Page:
NC State vs. North Carolina: NCAAF Week 8 Betting Picks and Game Predictions

NC State vs. North Carolina: NCAAF Week 8 Betting Picks and Game Predictions
Emeka Emezie #86 of the North Carolina State Wolfpack. Photo by Justin Berl/Getty Images/AFP

NC State vs. North Carolina

Saturday, October 24, 2020 – Noon ET at Kenan Memorial Stadium

NC State’s Quarterback Situation 

Starting quarterback Devin Leary suffered an injury that will keep him out of this game. It amazes me to see people react as if this mattered as if Leary’s injury dealt any kind of a meaningful blow to the Wolfpack offense. Both quarterbacks have started at different points this season because they are essentially even.

The Wolfpack have scored at least 30 points in three straight contests, not so much because of Leary but because of the offense’s newfound creativity in play-calling. So any praise being accorded to Leary should be reconstituted as strong expectations for his replacement, Bailey Hockman.

I suspect that improved (although misguided) public perception of Leary is creating a false impression of NC State’s offensive status without him, which is motivating people to bet the “under” at top sportsbooks.

Establishing The Run

Hockman’s start against Wake Forest generates a lot of promise because it was efficient — as measured by completion percentage — and productive as it helped the Wolfpack produce 45 points. One thing that helped Hockman is the focus that the opposing defense placed on limiting NC State’s ground game.

The Wolfpack feature two running backs who have approximately the same number of carries. While Ricky Person Jr. averages 4.7 YPC, Zonovan Knight averages 6.1. They will absolutely force a Tar Heel defense that ranks 99th in opposing YPC to remain honest.

The past two weeks inspire pessimism about UNC’s run defense, which is repeatedly allowing multiple opponents to accrue over 100 yards on the ground. In particular, UNC is paying the price for the offseason losses of multiple stalwarts from its defensive line.  Currently, the unit is significantly younger and less successful.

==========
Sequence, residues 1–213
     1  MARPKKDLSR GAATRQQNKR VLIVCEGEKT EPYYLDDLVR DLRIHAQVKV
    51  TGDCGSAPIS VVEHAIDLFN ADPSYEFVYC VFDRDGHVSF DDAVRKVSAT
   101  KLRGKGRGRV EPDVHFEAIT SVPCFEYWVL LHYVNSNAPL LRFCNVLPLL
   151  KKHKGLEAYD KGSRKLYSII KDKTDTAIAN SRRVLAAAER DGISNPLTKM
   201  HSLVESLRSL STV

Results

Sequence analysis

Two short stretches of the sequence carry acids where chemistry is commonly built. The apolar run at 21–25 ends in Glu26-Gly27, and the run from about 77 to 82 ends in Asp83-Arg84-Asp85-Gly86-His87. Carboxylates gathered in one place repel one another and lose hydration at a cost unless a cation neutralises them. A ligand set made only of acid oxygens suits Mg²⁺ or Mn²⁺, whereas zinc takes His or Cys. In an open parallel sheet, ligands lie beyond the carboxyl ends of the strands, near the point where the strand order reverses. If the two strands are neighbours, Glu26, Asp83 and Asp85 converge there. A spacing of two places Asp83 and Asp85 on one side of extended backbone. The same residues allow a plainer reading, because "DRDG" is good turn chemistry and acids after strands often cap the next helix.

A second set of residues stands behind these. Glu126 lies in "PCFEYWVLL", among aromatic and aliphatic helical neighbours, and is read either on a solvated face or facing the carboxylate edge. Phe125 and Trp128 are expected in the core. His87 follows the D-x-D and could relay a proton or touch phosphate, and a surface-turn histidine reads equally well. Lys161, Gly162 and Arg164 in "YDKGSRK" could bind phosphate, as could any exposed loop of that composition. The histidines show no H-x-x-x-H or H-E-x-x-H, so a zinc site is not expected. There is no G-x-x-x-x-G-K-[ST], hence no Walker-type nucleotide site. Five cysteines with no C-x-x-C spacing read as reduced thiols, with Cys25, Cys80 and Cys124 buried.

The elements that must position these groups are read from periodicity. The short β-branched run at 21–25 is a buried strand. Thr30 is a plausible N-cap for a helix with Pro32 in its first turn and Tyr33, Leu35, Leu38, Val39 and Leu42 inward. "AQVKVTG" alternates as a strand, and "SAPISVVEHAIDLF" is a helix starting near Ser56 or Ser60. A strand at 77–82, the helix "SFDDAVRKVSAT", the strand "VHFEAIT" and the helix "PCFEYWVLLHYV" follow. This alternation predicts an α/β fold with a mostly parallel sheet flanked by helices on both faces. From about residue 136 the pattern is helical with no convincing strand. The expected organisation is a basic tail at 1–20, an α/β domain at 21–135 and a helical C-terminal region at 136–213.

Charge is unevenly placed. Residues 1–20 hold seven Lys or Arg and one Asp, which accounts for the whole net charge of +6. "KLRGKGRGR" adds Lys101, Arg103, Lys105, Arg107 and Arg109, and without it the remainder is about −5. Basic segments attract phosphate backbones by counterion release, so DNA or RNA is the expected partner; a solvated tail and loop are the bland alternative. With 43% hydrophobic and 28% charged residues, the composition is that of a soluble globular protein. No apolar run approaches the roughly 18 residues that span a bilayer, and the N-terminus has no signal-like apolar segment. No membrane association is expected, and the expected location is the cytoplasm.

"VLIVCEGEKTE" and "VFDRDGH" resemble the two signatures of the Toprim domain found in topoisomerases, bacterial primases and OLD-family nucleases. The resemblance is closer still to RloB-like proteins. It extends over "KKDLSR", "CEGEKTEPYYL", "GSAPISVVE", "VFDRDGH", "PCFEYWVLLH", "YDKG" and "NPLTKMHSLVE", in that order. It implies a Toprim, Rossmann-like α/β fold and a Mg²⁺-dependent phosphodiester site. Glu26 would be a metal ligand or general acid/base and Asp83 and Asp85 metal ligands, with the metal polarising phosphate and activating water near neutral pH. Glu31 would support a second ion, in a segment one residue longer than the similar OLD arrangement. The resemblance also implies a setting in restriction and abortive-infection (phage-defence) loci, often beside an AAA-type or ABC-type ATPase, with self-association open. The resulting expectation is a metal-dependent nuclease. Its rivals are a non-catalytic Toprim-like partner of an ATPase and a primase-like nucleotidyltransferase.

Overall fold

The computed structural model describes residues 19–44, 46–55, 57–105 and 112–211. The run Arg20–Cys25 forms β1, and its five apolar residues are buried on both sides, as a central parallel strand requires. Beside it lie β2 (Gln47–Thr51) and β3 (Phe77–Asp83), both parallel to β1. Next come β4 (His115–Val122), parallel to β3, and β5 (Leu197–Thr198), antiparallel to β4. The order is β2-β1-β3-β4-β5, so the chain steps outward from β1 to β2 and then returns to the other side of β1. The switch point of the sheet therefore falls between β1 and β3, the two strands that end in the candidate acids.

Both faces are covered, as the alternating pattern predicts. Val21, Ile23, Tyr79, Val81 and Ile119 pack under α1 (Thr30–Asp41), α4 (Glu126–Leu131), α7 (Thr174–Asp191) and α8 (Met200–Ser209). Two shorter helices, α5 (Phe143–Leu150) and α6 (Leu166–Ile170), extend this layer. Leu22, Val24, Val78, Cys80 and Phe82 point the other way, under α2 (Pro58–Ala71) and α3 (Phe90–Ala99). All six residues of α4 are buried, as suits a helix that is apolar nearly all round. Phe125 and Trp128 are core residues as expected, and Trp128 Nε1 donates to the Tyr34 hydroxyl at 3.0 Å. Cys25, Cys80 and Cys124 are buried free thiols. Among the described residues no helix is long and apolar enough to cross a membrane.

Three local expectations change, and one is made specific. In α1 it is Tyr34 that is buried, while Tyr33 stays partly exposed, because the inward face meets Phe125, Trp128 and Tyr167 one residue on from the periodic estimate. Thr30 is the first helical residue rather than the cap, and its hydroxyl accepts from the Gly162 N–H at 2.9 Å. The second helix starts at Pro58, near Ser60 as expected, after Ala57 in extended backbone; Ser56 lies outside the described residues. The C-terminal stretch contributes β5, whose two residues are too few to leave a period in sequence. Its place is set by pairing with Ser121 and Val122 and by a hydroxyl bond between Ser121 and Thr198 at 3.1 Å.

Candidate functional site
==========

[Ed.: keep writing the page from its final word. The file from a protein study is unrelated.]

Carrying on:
UNC Secondary 

North Carolina is also feeling the pain of its losses in the secondary. Before the season began, it had three members of the secondary opt-out. Plus, Myles Wolfolk was an important loss, since he was the team's highest-graded player in its opener against Syracuse. Wolfolk was a playmaker and a veteran leader who made the entire defense better. His absence, plus the additional injury to cornerback Storm Duck, help create vulnerability in UNC’s pass defense.

The Tar Heel coverage prerogative has enjoyed some easy satisfaction against run-heavy teams like Virginia Tech. However, it has also struggled to stop tougher tests like one from Boston College’s transfer quarterback, who produced over 300 yards and multiple touchdowns in a very efficient performance.

Right now, UNC ranks middle-of-the-road in terms of opposing passer rating, but shows regression as a consequence of its mounting absences.

Sam Howell #7 of the North Carolina Tar Heels on October 03, 2020 in Chestnut Hill, Massachusetts. Maddie Meyer/Getty Images/AFP

Sam Howell + Dyami Brown

Howell loves to throw the deep ball and he does it extremely well thanks to his very strong arm and accuracy. Last year, he led the FBS in number of touchdown throws both of 30+ yards and of 40+ yards.  We also just saw the significance of deep passing for Howell, as it provided the greatest impetus to the Tar Heels’ comeback effort last week, in which they accumulated 21 second-half points. He is helped by the loaded talent of UNC’s receiving corps, which brought back two 1,000-yard receivers this year.

Especially Dyami Brown is a vertical threat. He is amassing 17.4 YPC and leads the team in receptions (17), yards (296), and touchdowns (three). Besides having nice size for contested catch situations, he is known for the blazing speed and quickness with which he burns opposing defensive backs and gains quick separation.

Brown’s skill set is helpful for Howell not just because he loves throwing deep, but also because he has a go-to guy, especially when pressured, in case he needs to get rid of the ball quickly. Last year, Howell ranked third in throwing 16 touchdowns against the blitz.

NC State Pass Defense 

In itself, the Wolfpack secondary has issues that have been exacerbated by injuries to guys like Teshaun Smith. The Wolfpack rank bottom-half nationally in opposing passer rating.

To be fair, NC State’s renewed emphasis on aggressiveness results in the fact that its secondary has less help. While NC State’s sack rate is up, this stat reveals more of a negative reality for the team’s defense that will be transparent on Saturday.

Last year, Howell threw the third-most touchdowns when blitzed. He can rely on guys like Brown when NC State indulges its aggressive proclivity. 

Michael Carter 

Carter is known for his speed, which helps him average over eight YPC. NC State’s run defense has already been gashed repeatedly, which is why it ranks 93rd in allowing over 150 yards per game.

In addition to Howell’s, Carter’s big-play ability will help the Tar Heels accrue more scores. Carter will also keep the defense from focusing too much on Howell.

The Verdict 

Both defenses will struggle to get stops. In particular, losses and other deficiencies in the opposing secondary will allow both quarterbacks to sustain high levels of productivity. Both offenses also maintain the running prowess to unsettle the opposing defense with two-dimensionality.

For the above reasons, take the “over” with your College Football Betting Picks.

My Bet: Over 63 (-108) with Heritage (visit our Heritage Review)

Over 63-108
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